Regulatory pressure on the Comcast-Time Warner Cable merger is heating up, but a third competitor’s plan to steal their customers could be the key to a winning combination.
Comcast has to make the case that its Time Warner acquisition doesn’t violate US anti-trust rules. Now that a coalition of US state prosecutors will be reviewing the deal on top of two federal agencies, the situation is even more complicated. Sure, Comcast has an experienced team of lobbyists and lawyers, but on the other hand, everyone hates them.
The crux of the issue is how much a last-mile monopoly matters: Comcast and Time Warner don’t currently compete against each other in local markets, but combined they would control about 37% of the national broadband internet market. That customer base will give it a big advantage when negotiating with content providers and fighting it out with the other broadband companies like Verizon.
The big challenge when it comes to competing with fixed-line broadband providers are the fixed lines themselves. Cable companies have long-standing relationships with localities. Once, they involved actual monopolies, but today municipalities simply charge for access to the physical infrastructure—utility poles or underground cable pipes—needed to build out fiber-optic networks. That’s why ideas like “unbundling the local loop” and other forms of open access are often proposed as ways to reduce cable company power—and cited as a key factor behind for lower fixed-wire broadband prices in other wealthy nations.
But what if all those wires into your home didn’t matter anymore? Then the cable stranglehold wouldn’t matter. That’s exactly what Sprint’s new Japanese owner might have in mind: Help cord-cutters cut the cord once and for all, by providing their home internet access over wireless spectrum. Sprint doesn’t have Verizon’s fiber optic network, but it does own massive amounts of spectrum, and there are already companies, like Globalstar, developing proprietary wi-fi networks using free spectrum.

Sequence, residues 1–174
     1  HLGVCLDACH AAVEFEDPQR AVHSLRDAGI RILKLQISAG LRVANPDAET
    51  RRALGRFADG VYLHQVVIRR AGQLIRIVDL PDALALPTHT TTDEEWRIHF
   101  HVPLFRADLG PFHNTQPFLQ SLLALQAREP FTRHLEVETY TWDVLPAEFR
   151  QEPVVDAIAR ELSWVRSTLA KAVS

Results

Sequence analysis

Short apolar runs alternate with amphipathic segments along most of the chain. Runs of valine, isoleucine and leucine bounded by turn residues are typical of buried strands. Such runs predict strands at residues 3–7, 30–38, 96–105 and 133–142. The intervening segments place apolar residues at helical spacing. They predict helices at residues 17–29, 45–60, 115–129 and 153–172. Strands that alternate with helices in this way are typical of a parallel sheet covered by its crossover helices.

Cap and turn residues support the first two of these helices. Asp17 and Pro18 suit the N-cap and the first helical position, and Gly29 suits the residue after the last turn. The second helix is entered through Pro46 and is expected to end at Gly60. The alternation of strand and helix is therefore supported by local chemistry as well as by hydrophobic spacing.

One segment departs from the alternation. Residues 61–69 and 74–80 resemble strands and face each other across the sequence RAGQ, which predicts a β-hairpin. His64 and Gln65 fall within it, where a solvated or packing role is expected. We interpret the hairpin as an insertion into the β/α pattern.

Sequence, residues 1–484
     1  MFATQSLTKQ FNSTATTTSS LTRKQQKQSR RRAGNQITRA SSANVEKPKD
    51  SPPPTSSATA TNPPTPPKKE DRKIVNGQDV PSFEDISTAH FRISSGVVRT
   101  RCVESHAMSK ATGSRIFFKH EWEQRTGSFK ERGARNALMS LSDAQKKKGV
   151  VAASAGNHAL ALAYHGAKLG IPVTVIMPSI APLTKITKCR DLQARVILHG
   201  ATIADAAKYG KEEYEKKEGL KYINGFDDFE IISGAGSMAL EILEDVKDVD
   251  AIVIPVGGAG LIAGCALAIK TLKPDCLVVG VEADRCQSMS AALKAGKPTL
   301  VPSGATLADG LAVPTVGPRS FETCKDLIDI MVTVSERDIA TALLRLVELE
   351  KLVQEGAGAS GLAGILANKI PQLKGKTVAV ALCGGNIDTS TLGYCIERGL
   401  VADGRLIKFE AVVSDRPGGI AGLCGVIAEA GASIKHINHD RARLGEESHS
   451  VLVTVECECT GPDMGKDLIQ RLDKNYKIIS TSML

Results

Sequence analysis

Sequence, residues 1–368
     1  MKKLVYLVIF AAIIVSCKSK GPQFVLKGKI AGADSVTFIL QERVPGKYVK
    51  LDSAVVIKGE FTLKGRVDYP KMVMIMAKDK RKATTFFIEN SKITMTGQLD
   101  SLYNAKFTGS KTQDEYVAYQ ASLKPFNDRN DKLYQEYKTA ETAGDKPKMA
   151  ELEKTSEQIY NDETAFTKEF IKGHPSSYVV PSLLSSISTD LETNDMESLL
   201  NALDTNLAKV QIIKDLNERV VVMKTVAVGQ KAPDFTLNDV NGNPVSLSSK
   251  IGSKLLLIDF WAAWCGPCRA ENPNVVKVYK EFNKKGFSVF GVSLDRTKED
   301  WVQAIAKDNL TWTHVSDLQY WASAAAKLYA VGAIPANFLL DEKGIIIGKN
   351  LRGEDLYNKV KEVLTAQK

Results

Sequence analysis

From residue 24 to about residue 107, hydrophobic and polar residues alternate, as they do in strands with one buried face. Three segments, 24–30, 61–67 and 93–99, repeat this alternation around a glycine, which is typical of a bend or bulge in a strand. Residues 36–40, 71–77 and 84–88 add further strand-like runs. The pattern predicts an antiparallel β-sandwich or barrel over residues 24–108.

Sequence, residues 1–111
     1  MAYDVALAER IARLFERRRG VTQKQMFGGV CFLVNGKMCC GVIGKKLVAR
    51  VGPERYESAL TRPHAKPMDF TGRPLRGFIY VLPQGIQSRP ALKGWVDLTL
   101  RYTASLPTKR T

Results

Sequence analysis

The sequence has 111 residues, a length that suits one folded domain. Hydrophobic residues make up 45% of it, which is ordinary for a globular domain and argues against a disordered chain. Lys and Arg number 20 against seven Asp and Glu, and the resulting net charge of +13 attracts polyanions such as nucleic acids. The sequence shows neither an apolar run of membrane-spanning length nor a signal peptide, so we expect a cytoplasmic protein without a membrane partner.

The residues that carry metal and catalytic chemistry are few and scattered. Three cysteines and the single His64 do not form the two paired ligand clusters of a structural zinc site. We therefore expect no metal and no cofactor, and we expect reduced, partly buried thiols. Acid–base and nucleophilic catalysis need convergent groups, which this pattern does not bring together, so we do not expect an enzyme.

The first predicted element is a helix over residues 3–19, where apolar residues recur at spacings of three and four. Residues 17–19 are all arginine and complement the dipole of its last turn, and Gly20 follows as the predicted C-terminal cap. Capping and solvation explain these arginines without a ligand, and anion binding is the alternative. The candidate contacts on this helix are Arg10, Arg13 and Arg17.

If Sprint really did make good on its plan to sell high-speed wireless broadband—which would be a costly proposition, but Sprint’s parent, Softbank, has deep pockets—it would be a major shift: Suddenly, cable companies relying on broadband services to save them from cord-cutters might find themselves facing a much tougher business challenge than they anticipated. That same challenge would give regulators a lot more leeway to allow cable company mergers: It’s the kind of technological change that has some commentators unmoved by fears of the Time Warner-Comcast link-up.
Of course, Sprint is floating this wireless plan as part of its own regulatory ju-jitsu, trying to convince US regulators that an attempt to combine with T-Mobile isn’t a threat to wireless competition, because the firm will also compete with the cable companies. Nevertheless, if US officials buy into the idea, it might let not one but two mergers bloom.